The concert continued only after d'Or himself pulled the violent protestor backstage and handed her over to security.
It was meant to be a particularly festive event. Hundreds of people arrived at the Lyric Theater on Monday to celebrate the State of Israel's 65th anniversary as part of an annual celebration organized by the umbrella organization of the Jewish communities in South Africa.
A symphonic orchestra was led by conductor David Sebba, and countertenor Yaniv d'Or was standing at the front of the stage. As always, the event was heavily secured.
Security was tightened following threatening phone calls to the Israeli Embassy in Johannesburg in the days before the event, which said pro-Palestinian organizations were planning to storm the show.
Such threats, which are usually only partially carried out, have become a matter of routine in Israeli embassies around the world in recent years. Yet those standing in the front line, the Israeli artists, are less accustomed to them and find themselves in impossible situations as their principle is that the show must go won.
On Monday it was d'Or and Maestro Sebba's turn. "It started in the first part of the show," d'Or describes the chain of events. "Despite the insane security outside the auditorium, at some point protestors walked in from the doors and began chanting slogans against the occupation and in favor of the liberation of Palestine.
"It was stressful, but when the security guards forcibly removed them from the auditorium, I thought it was over. Then, when the second part of the show began, a woman sitting in the front row suddenly ran onto the stage and started screaming. Before I realized what was going on, she detonated a stink bomb on the stage.
"Without even thinking, I hugged her, lifted her up in the air and took her backstage, where I handed her over to the security guards."
Weren't you afraid?
"The instinct was much faster than the thought. I understood that something was wrong and I acted. It was enough for me to see the hatred in her eyes to come to my senses.
"In retrospect, I thought it could have ended differently, that – God forbid – she could have stabbed me or, worse, hurt all the people on stage. With the conductor, the musicians, the choir singers and dancers, we were more than 100 people up there."
'There are more effective ways to protest'
Despite the drama, d'Or didn't stop singing. The orchestra and choir went on playing as well. At the end of the event, the audience was on its feet.
"It's clear to me that this is a symbolic act. For us it's Independence Day. For them it's the Nakba. Every person has the right to express their opinion, to resist and protest, but there must be a separation between politics and art. There are other, more effective ways to protest," says d'Or.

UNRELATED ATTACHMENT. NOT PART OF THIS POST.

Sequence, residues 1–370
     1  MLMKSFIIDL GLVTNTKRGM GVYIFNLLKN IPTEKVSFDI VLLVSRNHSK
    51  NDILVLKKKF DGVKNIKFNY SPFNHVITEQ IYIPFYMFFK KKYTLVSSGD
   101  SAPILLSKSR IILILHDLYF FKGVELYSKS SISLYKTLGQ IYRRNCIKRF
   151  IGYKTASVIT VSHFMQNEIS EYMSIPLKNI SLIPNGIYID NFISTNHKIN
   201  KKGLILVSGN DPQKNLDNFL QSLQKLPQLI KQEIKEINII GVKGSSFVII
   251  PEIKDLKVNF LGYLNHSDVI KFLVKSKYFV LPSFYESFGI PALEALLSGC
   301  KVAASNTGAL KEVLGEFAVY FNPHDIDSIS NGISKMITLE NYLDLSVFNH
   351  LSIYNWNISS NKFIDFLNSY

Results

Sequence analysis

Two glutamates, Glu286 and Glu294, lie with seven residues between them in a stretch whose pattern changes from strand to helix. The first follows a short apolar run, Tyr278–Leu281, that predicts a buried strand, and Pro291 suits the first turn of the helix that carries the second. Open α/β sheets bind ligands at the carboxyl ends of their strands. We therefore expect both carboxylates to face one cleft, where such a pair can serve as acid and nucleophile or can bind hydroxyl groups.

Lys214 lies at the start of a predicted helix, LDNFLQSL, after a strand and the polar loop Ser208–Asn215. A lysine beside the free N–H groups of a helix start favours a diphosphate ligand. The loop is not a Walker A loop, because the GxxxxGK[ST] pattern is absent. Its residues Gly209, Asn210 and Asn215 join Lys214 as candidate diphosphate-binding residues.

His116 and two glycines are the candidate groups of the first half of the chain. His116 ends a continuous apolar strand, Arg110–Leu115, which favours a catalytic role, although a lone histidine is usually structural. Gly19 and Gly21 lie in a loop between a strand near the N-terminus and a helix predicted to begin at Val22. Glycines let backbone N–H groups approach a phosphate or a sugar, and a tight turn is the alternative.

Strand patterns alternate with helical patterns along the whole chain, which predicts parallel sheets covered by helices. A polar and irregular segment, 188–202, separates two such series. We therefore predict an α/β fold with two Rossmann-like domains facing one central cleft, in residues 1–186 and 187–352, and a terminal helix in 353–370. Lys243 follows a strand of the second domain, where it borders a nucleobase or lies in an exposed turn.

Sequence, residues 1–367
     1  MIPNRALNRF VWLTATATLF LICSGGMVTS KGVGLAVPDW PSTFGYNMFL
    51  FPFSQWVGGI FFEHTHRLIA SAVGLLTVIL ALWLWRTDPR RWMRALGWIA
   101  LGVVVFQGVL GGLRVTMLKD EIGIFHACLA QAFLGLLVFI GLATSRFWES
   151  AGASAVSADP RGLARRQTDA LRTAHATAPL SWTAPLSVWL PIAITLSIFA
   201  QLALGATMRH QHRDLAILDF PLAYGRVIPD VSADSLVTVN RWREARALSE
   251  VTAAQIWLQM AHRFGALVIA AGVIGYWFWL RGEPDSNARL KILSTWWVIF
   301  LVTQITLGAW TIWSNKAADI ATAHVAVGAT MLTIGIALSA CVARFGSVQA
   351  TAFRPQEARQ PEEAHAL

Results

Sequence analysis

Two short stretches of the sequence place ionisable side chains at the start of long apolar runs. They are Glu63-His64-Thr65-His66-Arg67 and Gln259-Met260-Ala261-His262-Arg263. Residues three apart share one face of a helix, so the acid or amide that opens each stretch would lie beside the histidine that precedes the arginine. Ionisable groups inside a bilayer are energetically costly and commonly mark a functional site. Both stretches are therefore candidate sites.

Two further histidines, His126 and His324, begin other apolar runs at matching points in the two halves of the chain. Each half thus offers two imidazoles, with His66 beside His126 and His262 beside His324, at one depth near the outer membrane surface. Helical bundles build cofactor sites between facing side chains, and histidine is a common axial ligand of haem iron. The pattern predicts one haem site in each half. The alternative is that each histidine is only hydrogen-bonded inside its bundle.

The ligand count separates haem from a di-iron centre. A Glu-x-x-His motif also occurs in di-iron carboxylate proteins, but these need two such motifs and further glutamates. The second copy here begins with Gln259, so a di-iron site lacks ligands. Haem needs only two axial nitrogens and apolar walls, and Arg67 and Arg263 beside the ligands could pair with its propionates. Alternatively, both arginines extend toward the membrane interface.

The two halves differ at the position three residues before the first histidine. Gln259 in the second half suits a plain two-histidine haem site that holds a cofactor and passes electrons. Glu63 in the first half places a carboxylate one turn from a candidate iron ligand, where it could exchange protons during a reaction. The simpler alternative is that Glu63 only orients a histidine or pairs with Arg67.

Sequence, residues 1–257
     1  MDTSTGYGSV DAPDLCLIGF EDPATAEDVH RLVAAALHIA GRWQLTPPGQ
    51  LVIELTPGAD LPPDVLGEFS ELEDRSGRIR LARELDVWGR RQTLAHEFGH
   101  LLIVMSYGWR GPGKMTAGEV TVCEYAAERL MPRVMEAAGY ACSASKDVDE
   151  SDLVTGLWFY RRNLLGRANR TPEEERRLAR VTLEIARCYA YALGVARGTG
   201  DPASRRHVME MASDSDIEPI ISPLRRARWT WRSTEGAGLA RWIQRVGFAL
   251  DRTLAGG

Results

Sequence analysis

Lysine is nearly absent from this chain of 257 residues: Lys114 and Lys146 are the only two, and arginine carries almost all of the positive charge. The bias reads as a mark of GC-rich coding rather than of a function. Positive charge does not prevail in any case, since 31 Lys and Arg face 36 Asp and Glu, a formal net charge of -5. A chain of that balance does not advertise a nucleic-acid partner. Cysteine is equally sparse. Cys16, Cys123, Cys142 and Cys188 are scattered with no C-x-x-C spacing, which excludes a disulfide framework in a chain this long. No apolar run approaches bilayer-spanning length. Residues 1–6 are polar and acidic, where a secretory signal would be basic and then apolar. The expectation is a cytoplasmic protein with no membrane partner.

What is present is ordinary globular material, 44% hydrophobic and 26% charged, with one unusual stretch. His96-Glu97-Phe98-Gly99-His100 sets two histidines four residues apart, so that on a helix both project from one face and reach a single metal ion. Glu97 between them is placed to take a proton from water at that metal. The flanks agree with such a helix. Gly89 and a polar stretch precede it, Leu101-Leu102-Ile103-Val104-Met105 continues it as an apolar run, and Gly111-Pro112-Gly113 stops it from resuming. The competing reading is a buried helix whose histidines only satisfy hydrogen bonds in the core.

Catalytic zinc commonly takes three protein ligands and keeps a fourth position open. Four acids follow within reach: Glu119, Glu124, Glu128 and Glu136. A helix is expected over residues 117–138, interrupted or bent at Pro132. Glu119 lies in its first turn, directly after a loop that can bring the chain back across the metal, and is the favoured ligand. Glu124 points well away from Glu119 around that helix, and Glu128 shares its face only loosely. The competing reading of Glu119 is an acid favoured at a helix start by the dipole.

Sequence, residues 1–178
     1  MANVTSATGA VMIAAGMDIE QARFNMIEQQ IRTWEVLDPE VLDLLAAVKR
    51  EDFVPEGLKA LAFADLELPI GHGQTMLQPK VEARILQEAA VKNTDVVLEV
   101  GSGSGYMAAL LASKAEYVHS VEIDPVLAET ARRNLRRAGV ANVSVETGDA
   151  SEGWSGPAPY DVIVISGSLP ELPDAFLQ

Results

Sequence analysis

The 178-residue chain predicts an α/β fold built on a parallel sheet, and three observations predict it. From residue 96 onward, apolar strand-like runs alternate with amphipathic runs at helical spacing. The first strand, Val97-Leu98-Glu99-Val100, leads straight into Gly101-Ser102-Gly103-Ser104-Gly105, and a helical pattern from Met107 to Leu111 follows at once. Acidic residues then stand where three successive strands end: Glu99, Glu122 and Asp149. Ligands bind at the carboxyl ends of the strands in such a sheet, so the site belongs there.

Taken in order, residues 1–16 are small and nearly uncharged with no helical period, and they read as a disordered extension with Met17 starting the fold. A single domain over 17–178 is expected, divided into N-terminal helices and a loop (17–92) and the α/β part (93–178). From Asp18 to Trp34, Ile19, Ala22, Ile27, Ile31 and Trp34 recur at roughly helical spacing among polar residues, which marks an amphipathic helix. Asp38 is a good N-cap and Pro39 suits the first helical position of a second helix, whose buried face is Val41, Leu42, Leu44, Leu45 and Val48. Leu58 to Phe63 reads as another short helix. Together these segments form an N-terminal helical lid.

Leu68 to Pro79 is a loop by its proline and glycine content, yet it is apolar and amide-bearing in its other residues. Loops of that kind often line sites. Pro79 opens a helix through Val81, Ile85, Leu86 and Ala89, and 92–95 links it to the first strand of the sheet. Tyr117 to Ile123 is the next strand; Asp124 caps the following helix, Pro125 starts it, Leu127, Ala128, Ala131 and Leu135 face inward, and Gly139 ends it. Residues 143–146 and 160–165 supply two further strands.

"Without getting into political definitions, I am an artist who performs all over the world. I support a Palestinian state and believe we should live together, and what happened yesterday raised many difficult questions ranging between anger and guilt. At the end of the day, I am left with a bitter feeling and a strange mixture of emotions.
"Yesterday I was an Israeli artist. When it happened I was singing 'Eli, Eli,' a song about the Holocaust which was written by Hannah Szenes, and the attempt to sabotage this moment in such a violent manner is crossing the line. Hurting artists and art misses the point.
"I identify with their pain, I understand it, but what happened yesterday has nothing to do with patriotism but with hatred."
Maestro Sebba recounts, "I was busy with the band and choir, so it took me a few second to realize the extent of the drama taking place at the front of the stage. It was scary because I didn't know if she was armed or not, and go figure how it would end. Yaniv acted like James Bond, it was amazing."
The evening's context intensified the experience, he says. "During the evening I felt, in the deepest sense of the word, what it means to be a Jew. It was expressed in the music, in the texts read out and in the clips presented on a wide screen. I conducted and saw before my eyes pictures of children, Holocaust survivors, a picture of Gilad Shalit.
"I had tears in my eyes, and then suddenly you are exposed to expressions of racism like the one we experienced. It's something that is hard to digest," he says. "We are not soldiers or a military base. We are artists, and attacking us is the easiest thing, but it's not something to be proud of.
Sebba and d'Or are not just talking about the context which intensified the unpleasant experience, but also about the location of the event in South Africa and the common comparison in the world between the apartheid regime and the Israeli government.
"The human fabric in South Africa is so fragile and the attempt to heal the rifts between black and white people are a daily matter, and so when you are present in this place of all places, facing anti-Semitic and anti-Israel sentiments, you ask yourself difficult questions about your identity and remain with no answers," says Sebba.